Magazine article Records Management Quarterly

Imaging Systems and Records Management

Magazine article Records Management Quarterly

Imaging Systems and Records Management

Article excerpt

Imaging Systems and Records Management

The latest, and greatest (or so it seems), technology to enter into the world of document management, (read records management), is imaging technology. Documents are scanned by a device which looks like a photocopier, and a "digitized" image is stored within an organization's computer system. The technology is hot. Imaging is the new buzzword on the street. Rumour has it that the paperless office may once again be within reach. But what does imaging technology really mean for the records manager, and how does one use it?

Imaging technology may be an interesting prospect, but it's important to determine if you really need it. Imaging technology is still leading-edge technology. What that means is that there is a world of promise in the imaging field, but a scarcity of factual proof of those "ideal" scenarios. Let the buyer beware; promises are not the same as facts. Therefore, the customer must make an investment in researching the technology and what is possible, and an analysis of the potential impact of the technology on the organization.

The determination of what imaging will mean to departments, employee work habits, the organization's work flow, and the organization itself, will involve an extensive investment of time. It will be necessary to review current work processes, and current work flow, and compare them to the projected work processes with the technology in place. Usually, this review will involve both your staff, and the staff of the imaging vendor. In addition, the vendor may wish the customer to share the burden of any research and development costs which go into creating a unique application. Which presents another problem: do you wish to buy an un-tried, custom-designed solution, or a tested, stable product line?


The big players in the field of imaging are still struggling with what an imaging system should provide to the client. Stable product lines are currently difficult, or impossible, to design. Should the system move document images for the users so that they don't have to be concerned with who gets the image next, but only with what they need to do with the item themselves? Some of the designers of big imaging systems are producing software to move documents through the hands (screens) of the people who use them. But there is no uniformity to this feature among the large mainframe-based systems. There are still a multitude of types of controls for image movements, and the new enthusiast of this technology must be wary of whether or not a particular control feature is a bonus or a hindrance to user access and retrieval of imaged documents. Some vendors still prefer to custom-design solutions, since there is no readily-identifiable standard yet surfacing in the area of document-image processing.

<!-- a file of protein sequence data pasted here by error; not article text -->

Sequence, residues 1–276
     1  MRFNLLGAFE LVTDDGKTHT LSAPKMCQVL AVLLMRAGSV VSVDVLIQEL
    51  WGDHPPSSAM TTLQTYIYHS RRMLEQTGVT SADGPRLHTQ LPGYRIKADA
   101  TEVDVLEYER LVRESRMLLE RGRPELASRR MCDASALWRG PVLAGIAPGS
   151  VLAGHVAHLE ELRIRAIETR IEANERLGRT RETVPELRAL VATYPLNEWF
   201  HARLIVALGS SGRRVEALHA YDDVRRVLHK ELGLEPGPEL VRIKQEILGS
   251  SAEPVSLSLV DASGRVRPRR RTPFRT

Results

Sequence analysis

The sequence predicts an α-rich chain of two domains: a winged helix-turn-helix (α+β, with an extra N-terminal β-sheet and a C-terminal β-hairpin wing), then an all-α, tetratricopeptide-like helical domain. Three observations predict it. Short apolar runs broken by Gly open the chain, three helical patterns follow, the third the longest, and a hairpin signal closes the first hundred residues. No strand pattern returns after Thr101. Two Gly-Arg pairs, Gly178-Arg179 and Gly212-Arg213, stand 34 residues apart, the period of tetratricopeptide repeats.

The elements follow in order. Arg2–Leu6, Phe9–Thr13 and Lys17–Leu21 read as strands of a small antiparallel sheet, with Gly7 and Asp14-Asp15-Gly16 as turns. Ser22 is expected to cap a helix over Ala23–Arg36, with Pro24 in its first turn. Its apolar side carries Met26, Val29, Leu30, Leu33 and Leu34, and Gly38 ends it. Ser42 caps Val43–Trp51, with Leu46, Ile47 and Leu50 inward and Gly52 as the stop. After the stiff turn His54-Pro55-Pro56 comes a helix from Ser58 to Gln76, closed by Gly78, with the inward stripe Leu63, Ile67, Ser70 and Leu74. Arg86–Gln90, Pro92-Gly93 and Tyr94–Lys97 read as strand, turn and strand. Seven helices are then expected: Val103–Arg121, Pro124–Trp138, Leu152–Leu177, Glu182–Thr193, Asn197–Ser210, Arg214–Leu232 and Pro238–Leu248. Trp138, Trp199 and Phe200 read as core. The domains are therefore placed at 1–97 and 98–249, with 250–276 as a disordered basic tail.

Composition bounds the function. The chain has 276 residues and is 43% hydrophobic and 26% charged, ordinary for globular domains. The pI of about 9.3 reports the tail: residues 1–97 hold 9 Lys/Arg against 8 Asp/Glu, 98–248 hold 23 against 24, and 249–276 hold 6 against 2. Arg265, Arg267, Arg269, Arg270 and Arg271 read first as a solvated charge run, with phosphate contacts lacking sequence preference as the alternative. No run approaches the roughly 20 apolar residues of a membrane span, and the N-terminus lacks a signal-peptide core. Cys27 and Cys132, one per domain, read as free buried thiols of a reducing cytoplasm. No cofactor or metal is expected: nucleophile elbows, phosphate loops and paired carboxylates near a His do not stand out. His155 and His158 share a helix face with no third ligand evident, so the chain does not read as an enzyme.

The bottom line is still access of documents. No one would ever consider an imaging system if the system did not promise enhanced access and retrieval of valuable business documents. But how do you determine when you might be a good candidate for an imaging system?



To consider a document imaging system, you must be a high volume user, and retainer, of paper documents, which are not distributed or received in computer readable format, and which include hand-written information such as signatures. Volume is the key. That's it. Of course, there is price, but you needn't bother looking at the price tags (which are considerable) unless your organization fits the criteria.

Suitable industries would include financial industries, such as insurance companies, banks, trust companies, and the like, which handle massive volumes of paper documents. These documents include signatures of the clients and must be retained for business and legal purposes. Financial industries have a requirement to keep a "paper trail" of documents for an extended period of time. …

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